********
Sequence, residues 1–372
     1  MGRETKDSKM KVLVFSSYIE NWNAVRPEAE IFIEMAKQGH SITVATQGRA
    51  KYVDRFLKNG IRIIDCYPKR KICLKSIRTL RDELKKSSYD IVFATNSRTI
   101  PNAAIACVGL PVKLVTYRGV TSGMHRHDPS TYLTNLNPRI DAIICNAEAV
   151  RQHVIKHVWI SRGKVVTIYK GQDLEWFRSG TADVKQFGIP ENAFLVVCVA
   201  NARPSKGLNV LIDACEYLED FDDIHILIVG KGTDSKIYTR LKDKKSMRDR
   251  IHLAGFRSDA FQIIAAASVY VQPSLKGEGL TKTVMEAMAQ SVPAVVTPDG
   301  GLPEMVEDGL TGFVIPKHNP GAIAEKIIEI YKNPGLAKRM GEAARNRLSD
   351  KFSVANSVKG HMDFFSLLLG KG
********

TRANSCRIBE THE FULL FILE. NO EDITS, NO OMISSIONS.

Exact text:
Sequence, residues 1–372
     1  MGRETKDSKM KVLVFSSYIE NWNAVRPEAE IFIEMAKQGH SITVATQGRA
    51  KYVDRFLKNG IRIIDCYPKR KICLKSIRTL RDELKKSSYD IVFATNSRTI
   101  PNAAIACVGL PVKLVTYRGV TSGMHRHDPS TYLTNLNPRI DAIICNAEAV
   151  RQHVIKHVWI SRGKVVTIYK GQDLEWFRSG TADVKQFGIP ENAFLVVCVA
   201  NARPSKGLNV LIDACEYLED FDDIHILIVG KGTDSKIYTR LKDKKSMRDR
   251  IHLAGFRSDA FQIIAAASVY VQPSLKGEGL TKTVMEAMAQ SVPAVVTPDG
   301  GLPEMVEDGL TGFVIPKHNP GAIAEKIIEI YKNPGLAKRM GEAARNRLSD
   351  KFSVANSVKG HMDFFSLLLG KG